The 10.or D might have the ambition of toppling its Chinese rivals, but it surely doesn’t seem serious with its design, which is where companies like Xiaomi and Moto have made their mark. One look at the 10.or D will tell you this phone belongs to the past. The boxy design with thick bezels around it and a metallic shine was the dominant design philosophy of phones two years back. And for some reason, Amazon decided to stick to it. It could be that Amazon chose the design to make the phone durable, as budget phone buyers demand a phone that doesn’t break easily. But then I noticed the lack of antenna lines and soon realised the body is made of matte plastic with only a metallic finish on top. The buttons too are made of plastic and although it felt sturdy, I’m apprehensive about how long it will last.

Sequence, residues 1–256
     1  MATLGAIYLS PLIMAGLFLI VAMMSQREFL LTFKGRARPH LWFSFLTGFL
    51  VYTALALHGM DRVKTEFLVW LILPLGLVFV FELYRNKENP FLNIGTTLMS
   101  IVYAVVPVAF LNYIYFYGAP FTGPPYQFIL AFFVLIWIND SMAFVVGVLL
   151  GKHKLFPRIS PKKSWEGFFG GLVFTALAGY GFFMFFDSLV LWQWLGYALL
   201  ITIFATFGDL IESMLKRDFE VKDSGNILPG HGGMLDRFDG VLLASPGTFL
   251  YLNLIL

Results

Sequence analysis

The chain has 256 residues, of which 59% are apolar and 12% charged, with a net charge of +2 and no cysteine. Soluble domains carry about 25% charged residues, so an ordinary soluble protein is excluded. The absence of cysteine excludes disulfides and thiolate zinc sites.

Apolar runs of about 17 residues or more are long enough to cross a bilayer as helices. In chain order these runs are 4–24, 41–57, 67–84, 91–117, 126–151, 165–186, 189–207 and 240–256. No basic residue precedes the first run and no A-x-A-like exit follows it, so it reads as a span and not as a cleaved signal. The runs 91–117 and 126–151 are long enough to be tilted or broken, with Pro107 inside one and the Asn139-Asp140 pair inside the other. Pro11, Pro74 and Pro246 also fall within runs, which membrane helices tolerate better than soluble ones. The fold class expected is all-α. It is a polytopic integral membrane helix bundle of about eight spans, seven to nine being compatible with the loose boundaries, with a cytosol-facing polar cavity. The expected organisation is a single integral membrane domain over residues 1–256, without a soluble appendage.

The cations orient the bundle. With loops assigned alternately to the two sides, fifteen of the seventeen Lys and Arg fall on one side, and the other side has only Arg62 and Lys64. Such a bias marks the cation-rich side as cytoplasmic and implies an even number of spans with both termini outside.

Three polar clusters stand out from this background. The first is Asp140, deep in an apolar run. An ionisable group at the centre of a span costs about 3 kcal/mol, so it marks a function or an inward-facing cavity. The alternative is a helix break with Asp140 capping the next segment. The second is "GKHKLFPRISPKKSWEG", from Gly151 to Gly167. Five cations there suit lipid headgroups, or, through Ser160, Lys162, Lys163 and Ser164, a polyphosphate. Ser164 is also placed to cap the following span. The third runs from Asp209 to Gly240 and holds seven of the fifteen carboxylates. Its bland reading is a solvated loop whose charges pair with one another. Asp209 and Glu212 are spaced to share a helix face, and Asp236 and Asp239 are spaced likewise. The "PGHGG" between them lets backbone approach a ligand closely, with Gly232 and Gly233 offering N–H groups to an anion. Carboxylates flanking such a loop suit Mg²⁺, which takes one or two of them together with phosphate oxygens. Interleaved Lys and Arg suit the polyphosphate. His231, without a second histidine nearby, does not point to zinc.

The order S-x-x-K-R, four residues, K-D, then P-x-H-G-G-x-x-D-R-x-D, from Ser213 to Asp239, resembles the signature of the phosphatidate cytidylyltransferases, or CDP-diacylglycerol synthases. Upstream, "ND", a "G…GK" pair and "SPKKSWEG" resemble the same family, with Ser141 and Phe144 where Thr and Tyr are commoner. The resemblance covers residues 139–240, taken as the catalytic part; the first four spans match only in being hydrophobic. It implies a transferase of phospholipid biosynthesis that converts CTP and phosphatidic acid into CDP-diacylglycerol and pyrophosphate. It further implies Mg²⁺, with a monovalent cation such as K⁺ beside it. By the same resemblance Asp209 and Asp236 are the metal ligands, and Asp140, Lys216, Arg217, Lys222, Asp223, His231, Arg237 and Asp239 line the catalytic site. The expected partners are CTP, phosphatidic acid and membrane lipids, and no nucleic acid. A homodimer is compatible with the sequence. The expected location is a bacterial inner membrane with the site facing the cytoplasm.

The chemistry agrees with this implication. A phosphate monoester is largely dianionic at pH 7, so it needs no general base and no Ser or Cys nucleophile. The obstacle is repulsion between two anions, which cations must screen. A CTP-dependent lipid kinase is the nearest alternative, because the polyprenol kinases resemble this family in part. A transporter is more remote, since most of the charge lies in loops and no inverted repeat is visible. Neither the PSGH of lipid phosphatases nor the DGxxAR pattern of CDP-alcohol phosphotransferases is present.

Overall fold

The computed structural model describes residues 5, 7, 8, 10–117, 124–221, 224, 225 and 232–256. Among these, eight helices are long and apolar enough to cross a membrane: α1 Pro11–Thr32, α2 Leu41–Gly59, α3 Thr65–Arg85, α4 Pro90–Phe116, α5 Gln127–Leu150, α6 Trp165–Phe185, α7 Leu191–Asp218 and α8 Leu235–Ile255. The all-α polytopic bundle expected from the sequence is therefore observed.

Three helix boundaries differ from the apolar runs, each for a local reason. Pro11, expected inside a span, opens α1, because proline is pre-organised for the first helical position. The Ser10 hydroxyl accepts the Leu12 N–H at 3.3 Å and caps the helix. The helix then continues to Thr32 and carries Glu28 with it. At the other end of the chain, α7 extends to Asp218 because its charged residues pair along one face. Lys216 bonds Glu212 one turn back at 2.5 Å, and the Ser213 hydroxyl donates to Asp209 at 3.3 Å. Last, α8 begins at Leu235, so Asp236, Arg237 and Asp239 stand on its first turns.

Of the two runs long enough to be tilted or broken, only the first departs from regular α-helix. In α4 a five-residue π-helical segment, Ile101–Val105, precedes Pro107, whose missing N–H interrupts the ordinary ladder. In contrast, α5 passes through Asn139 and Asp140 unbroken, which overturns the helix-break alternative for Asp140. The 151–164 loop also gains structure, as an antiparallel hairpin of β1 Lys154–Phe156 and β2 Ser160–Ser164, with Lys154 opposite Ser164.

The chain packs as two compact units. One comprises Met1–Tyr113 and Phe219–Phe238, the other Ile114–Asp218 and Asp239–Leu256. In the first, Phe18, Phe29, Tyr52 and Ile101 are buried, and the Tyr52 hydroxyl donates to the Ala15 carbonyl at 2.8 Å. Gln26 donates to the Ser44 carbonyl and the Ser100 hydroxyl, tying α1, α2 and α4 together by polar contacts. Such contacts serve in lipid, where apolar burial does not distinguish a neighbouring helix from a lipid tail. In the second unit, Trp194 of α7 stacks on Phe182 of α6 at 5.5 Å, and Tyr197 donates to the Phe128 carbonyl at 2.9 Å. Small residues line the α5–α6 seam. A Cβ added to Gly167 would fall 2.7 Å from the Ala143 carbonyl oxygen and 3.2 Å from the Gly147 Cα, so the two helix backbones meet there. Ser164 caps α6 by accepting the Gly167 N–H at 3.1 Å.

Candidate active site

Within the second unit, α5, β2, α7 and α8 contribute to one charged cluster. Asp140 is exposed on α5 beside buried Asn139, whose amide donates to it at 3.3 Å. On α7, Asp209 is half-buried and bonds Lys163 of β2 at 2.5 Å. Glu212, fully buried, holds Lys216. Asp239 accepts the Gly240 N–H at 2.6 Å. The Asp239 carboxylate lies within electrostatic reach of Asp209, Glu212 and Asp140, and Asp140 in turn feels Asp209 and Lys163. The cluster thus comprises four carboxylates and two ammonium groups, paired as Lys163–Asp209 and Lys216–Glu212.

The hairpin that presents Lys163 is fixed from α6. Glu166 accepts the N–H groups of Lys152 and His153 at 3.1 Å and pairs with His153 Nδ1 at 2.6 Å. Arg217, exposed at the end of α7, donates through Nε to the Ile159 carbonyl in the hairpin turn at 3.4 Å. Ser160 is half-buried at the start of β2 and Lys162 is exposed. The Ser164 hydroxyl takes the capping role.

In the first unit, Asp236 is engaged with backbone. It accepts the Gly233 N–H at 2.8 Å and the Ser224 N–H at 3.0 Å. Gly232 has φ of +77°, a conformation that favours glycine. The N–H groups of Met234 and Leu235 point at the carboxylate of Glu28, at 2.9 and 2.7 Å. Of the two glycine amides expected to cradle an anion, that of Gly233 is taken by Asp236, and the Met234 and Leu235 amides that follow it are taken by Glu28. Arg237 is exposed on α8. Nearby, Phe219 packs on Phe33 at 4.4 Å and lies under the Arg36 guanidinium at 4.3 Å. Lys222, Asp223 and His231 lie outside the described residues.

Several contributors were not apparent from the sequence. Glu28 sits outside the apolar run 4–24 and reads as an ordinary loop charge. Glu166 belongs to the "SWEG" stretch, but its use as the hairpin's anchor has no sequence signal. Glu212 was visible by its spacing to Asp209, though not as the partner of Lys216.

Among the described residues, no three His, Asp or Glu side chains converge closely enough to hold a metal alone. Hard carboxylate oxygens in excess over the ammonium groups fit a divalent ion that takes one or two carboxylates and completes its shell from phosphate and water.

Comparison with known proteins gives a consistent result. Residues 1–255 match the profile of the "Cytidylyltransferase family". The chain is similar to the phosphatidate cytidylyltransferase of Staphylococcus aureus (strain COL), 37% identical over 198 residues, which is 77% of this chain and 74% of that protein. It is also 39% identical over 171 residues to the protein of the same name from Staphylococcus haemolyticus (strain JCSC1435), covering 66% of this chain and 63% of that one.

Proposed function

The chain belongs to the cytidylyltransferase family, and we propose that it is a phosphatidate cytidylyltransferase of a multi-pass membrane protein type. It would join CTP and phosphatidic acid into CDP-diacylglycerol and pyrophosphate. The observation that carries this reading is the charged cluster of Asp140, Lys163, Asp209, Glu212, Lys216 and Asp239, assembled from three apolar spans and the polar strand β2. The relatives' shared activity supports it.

However, despite the obvious signs of cutting corners, the phone has been designed keeping durability in mind. The edges of the phone are slightly raised on the front to cushion the display from cracking if it falls face down. Even though there is no Gorilla Glass on top, 10.or has implemented Panda Glass, which also offers protection from falls and scratches.
From the back, the phone looks a lot like the Xiaomi Redmi Note 3 (review) because of the centrally placed camera unit and the fingerprint sensor. But that’s only because the Redmi Note 3 perfected the symmetrical design. There is a micro-USB port at the bottom alongside a microphone while on the top there is another microphone (to cancel out ambient noise while on a call) and the 3.5mm headphone jack.
The phone also looks somewhat incomplete. That fascia has a broad lower chin which has no use whatsoever other giving you a good grip. Usually, it would be the place where the home button and the capcitive navigation keys would be located, but in this case, it’s a blank canvas.
Display: Not so bright